Create Accurate Estimates as a Contractor

As a contractor, creating accurate project pricing estimates is essential if you want to run a successful business. Whether you work in construction, home services, or a similar field, you might be struggling to pull together estimates due to supply chain constraints and the rapid rise in material costs. These tips can guide you as you develop better estimates.

Use Estimating Apps

Using estimating software for different types of projects is one of the simplest ways to improve your estimates. You can use general estimating software, or software designed with certain projects in mind, such as roof estimate software. With estimate software, you can use local financial data to produce estimates for materials and labor costs, design and save templates that you can re-use for future estimates, and add your company’s logo to branded estimate emails for a sleek, professional look.

Assess Material Pricing

With raw materials undergoing unpredictable cost increases, you might be struggling to create accurate estimates. To nail down your estimated costs, Archdesk recommends using prefabricated components when possible, eliminating waste, and adding a price escalation clause into your contracts. Keep an eye on industry news and trade reporting relevant to your sector to get an idea of how costs might be affected by supply chain issues in the future, so that you can anticipate cost increases or possible decreases down the line.

Work With a Consultant

If you’re struggling to manage your company’s finances, keep your clients happy, and develop winning estimates at a time when your industry is in the midst of such upheaval, you might benefit from meeting with a consultant who specializes in construction or home services. They can help you identify areas for process improvement, evaluate missteps you’ve made in previous estimates, and hone your approach as you move forward.

Continue Learning for DIY Tasks

Larger companies may wish to have apps made to their specifications. This could be completed through an outside agency, and, depending on the circumstances, managed in-house with proper resources and some training. If you’re IT literate, you may consult with websites that allow you to learn to code and troubleshoot programming.

Better yet, you can learn the latest concepts in computer science by taking online courses leading to a bachelor’s degree. Earning a degree in computer science provides contractors with a strong foundation in technical skills and problem-solving abilities, essential for tackling diverse and complex projects in the technology sector. This can lead to massive time efficiencies as you are able to address IT-related issues on the fly.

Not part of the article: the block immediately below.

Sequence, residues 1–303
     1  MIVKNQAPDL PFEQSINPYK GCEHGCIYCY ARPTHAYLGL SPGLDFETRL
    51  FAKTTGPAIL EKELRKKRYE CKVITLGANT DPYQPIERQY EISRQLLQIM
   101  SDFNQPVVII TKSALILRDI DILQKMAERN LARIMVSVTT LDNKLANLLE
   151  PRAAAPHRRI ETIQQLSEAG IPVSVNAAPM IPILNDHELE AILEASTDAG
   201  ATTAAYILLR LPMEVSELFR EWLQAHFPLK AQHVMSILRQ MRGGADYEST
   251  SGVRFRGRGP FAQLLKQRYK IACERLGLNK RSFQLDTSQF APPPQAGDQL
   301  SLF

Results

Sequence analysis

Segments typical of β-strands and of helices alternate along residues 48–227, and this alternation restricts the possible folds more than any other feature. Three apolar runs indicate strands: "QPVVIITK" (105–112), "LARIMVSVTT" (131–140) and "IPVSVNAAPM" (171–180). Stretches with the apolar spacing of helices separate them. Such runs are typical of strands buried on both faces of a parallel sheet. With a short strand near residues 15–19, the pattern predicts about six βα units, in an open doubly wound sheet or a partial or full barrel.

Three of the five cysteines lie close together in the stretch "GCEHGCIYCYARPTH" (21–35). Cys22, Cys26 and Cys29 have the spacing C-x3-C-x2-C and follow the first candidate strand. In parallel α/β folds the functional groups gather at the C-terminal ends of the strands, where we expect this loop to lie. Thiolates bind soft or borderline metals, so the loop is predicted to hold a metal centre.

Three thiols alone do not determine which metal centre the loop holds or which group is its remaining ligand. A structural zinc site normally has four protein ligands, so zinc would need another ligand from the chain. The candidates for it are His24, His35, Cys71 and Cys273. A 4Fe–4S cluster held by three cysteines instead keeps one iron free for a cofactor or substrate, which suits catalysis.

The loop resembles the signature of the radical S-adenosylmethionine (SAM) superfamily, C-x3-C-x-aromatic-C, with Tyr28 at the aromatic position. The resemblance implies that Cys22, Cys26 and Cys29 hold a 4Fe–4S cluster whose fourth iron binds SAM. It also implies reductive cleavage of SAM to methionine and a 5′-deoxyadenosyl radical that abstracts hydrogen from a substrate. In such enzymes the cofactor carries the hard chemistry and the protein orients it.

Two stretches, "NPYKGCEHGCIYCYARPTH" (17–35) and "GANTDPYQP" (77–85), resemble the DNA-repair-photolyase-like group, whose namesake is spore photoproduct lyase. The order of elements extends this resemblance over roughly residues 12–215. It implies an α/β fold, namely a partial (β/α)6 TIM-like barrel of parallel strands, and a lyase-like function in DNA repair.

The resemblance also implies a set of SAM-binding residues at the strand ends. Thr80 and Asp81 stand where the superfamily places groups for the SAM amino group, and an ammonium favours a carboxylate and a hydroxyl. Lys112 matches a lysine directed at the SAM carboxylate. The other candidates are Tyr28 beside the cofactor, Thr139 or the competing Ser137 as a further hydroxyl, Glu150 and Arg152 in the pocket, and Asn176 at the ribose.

Talk to Other Contractors

Networking is key for professionals in any industry, and contractors are no different in this respect. If you feel like your estimates have been off base lately, you may want to get in touch with other friends in your field who work in the same area. Ask them about their recent projects and see if they feel comfortable sharing the details of their estimates. This can help you ensure that your estimates are competitive.

Get Client Specifications

If you want to ensure that you don’t overlook any important details in your project estimates, you need to ask your client in-depth questions about their preferences and requirements. Talk to your client about every aspect of the project, and don’t hesitate to follow up with them for additional details if anything is unclear.

If completing this project will require you to hire any subcontractors, you’ll also want to get in touch with them early on to get estimates for their aspects of the project. Their personal estimates can greatly affect your final figure, so it’s important to speak with them directly before sharing cost information with the customer.

Consider External Costs

As you create estimates, don’t forget to include the costs of any required insurance policies, inspections, permits, licenses, or certifications. For example, Insureon states that if you’re working on a construction project, you’ll need general liability insurance, workers’ compensation, professional liability insurance, builder’s risk insurance, and a policy covering your commercial auto vehicles and tools and equipment. You’ll also need to consider taxes!

Creating estimates can be challenging in the best of times. When your industry is changing in response to shifting economic conditions, it’s even harder. With these tips, you’ll be able to navigate this process with confidence.

Marissa Perez, author of the above article, has spent the last 10 years honing her marketing skills and now she wants to share her knowledge with those who have decided to take on entrepreneurship. She co-created Business Pop to provide insight and advice to those who aspire to succeed in owning a business.

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